Badflower x Joel Madden Artist Friendly

With the recent release of their second album, a gold-certified single under their belt and high-octane live performances, Badflower are crushing it. The four-piece have cemented their presence in the industry as assertive rockers who create music with a purpose. THIS IS HOW THE WORLD ENDS, their second full-length, encapsulates the present day and all of the commotion that follows.

Read more: Badflower on why they set out to create an imperfect sophomore album

At the core of the band lies a strong bond. Vocalist Josh Katz can recall a time when the group had just met, pulled by a string of fate. However, this then-newly formed band had yet to determine the direction that they wanted to take with their music.

In our latest Artist Friendly interview by Joel Madden, Katz spoke on how the band found their sound and so much more. Watch the entire interview and preview the discussion below.

One cycle, I call it. One full cycle, seven years. 

Is seven years one full cycle? 

That’s what I think. I think seven years is a full lifetime. If you’ve known someone seven years, you’ve known them a lifetime. 

Yeah, that sounds about right. Why seven?

Think about it. If you guys have been a band for seven years, doesn’t it feel like you’ve been a band for a lifetime? 

Yeah, I can’t remember a time before. I mean, I can remember it, but it doesn’t seem like the same life. You’re right.

It wasn’t the same life before you were in your band. 

Yeah, it’s true. 

Did you guys start your band in high school? 

No. I mean, I was playing music in high school, but I didn’t meet everybody else until I was probably 20. No, I’m sorry. That’s a lie. I met Joey [Morrow, guitarist] when I was 17. I remember because we used to pay people outside of the liquor store to buy us cigarettes. 

In the valley?

No, in Hollywood. We went to different trade schools. He was going to MI. I was going to his school for music engineering. We were living in the same apartment building and then moved in together immediately after. We were in the same building, and we swapped roommates because we didn’t like our roommate, and he didn’t like his roommate, but they got along. So we literally swapped roommates after a week of knowing each other. Then we were living together for a very long time after that. 

Then from when you started the band to, say, your first record deal—how many years was that?

Four, maybe? It was a long time because we didn’t take it entirely seriously. We thought we were taking it seriously, but we weren’t. We didn’t know who we were or what our sound was supposed to be. We weren’t even considering our place in the universe.

That’s something that you eventually figure out. You consider who you are to the masses, to the public. What does a fan of your band look like? How does that shape how you look and how do you shape each other? We’re not thinking about any of that. We’re just like, “The Beatles are cool. Let’s make a song that’s ‘doo-woppy.'” You know, just like discovering who we are.

You know how you’re in the early days and you say yes to everything?

You say yes to everything because anyone who even talks to you and talks about your band as a real thing and not just you being a kid. It’s just so validating.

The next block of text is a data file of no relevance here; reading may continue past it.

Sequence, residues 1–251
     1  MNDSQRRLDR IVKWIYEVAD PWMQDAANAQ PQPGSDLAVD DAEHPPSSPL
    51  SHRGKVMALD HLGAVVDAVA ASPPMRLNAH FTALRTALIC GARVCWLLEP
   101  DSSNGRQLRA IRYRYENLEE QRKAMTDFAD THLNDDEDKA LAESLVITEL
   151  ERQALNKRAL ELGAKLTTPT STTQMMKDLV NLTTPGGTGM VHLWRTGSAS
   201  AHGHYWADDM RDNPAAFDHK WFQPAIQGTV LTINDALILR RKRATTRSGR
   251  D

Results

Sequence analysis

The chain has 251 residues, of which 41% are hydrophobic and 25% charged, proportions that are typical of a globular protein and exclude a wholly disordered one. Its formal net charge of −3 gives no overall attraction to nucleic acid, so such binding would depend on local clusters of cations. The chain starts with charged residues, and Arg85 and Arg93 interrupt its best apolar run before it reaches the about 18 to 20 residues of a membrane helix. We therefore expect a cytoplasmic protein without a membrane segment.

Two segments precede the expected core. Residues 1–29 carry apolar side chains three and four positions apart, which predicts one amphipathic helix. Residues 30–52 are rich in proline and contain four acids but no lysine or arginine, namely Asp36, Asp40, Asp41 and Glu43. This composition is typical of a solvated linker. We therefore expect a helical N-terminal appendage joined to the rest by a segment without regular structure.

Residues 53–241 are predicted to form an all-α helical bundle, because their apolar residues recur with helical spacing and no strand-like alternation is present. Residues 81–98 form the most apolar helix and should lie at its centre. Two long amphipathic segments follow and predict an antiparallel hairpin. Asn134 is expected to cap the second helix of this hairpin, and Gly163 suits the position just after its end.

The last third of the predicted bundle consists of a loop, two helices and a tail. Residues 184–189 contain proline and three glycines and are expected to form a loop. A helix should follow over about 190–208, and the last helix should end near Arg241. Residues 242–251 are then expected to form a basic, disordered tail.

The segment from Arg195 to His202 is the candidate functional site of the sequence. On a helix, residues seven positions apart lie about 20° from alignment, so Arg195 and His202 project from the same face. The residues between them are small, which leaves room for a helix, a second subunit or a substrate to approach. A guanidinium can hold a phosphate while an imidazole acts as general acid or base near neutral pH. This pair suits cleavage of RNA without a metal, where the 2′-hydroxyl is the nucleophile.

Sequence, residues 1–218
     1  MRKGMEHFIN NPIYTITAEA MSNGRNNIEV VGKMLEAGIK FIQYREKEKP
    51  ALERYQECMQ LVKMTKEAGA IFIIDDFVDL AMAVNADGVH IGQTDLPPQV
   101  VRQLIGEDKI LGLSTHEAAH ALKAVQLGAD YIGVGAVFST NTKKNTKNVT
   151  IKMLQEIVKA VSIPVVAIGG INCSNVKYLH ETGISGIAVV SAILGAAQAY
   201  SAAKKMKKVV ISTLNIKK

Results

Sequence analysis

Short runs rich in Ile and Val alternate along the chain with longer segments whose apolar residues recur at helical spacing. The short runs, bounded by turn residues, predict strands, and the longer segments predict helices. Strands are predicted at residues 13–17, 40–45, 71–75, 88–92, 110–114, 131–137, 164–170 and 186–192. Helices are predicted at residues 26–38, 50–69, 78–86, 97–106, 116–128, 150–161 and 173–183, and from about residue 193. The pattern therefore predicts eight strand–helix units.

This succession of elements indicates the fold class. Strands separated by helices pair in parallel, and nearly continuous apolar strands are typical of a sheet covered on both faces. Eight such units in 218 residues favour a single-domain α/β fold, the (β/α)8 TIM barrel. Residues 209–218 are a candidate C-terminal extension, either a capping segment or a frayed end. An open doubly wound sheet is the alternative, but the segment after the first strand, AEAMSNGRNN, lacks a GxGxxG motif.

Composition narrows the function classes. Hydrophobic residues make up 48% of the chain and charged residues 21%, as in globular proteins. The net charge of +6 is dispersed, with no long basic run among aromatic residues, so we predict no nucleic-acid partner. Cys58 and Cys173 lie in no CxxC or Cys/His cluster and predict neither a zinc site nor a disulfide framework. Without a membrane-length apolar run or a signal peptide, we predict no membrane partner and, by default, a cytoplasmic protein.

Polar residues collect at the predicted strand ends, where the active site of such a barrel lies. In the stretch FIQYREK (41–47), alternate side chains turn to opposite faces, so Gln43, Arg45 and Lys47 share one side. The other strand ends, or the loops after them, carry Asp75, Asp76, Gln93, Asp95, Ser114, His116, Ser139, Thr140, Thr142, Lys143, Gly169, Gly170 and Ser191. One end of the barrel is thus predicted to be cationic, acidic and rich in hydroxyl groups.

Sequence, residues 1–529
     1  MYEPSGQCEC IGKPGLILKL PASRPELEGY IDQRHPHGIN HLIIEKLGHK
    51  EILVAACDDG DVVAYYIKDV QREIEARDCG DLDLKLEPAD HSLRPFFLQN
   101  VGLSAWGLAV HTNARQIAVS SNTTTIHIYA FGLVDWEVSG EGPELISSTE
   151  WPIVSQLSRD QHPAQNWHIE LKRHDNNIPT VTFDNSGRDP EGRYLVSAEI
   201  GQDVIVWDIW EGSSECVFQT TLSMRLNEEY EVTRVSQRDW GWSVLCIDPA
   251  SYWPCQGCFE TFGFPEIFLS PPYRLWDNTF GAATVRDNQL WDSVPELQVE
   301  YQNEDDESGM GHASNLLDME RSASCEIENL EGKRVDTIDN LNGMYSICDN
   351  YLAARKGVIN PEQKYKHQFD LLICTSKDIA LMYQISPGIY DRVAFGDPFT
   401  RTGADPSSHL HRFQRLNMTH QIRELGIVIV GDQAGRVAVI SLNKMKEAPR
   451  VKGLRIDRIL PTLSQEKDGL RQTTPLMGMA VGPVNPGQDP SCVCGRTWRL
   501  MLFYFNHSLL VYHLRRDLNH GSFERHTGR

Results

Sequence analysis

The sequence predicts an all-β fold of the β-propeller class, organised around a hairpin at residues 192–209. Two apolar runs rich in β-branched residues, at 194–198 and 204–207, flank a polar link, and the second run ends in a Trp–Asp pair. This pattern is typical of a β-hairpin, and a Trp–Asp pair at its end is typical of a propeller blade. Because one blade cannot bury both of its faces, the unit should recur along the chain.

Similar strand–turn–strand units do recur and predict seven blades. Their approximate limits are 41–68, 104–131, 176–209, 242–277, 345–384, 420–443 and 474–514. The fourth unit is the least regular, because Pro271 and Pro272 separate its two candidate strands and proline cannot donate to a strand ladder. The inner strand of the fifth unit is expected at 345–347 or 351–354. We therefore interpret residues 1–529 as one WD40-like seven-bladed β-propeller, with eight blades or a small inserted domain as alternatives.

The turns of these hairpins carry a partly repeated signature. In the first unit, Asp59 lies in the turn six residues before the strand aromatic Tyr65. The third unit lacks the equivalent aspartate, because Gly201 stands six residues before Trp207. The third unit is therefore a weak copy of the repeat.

I feel like I said yes to everything and anyone that likes my music. I was like, “You believe in me?”

Yeah, exactly. 

We should all feel that way when people believe in us. But the danger is if you have too low of a self-esteem. Because you don’t know who you are. Everything sounds good because you don’t know any better. But then you learn who you are, and then at some point, you say no. To me, anyways, from watching on the outside, I just feel like you guys are that. I feel like you’re just doing exactly what you think, feel, see. That being said, I think you’re in full swing of your career.

The world gets a lot smaller. The world feels a lot smaller to me now at this stage. The path used to be blurry, and all the world was big, and it could be anywhere. I can see all of it. So now I’m like, “Do I even like it?” There it is—that’s the path. Am I certain? I see a lot of cool shit along the way, but do I really even… Well, I gotta see it through now. It’s kind of where I’m at now. I got to see it through. I’ve worked so hard to get to this point, and I love it. 

I would say with this record, it feels like you know who you are. 

I felt it on our first record. Doses of it where things are starting to really happen, and I’m feeling what I’m feeling about this record. I think everything’s going to go really, really well. Knock on some wood. I’m constantly battling with myself, like, “Is this making me happy?

I have no social life now, really. I haven’t for a while, and that’s not because of COVID. I’m an obsessive creative person. Anything creative, I am 1,000% in, and I don’t want to look at anything else, and I won’t talk to anybody else, and this is all I want to do. I’ve always been that way my whole life, but it used to be in moments, and then I’d snap out of it and live a normal life. When I was younger, I had to have a job, so I’d snap out of it and have to work my job. The universe has afforded me all the time to just be creative, and I’m in it.

Watch the full interview here or below!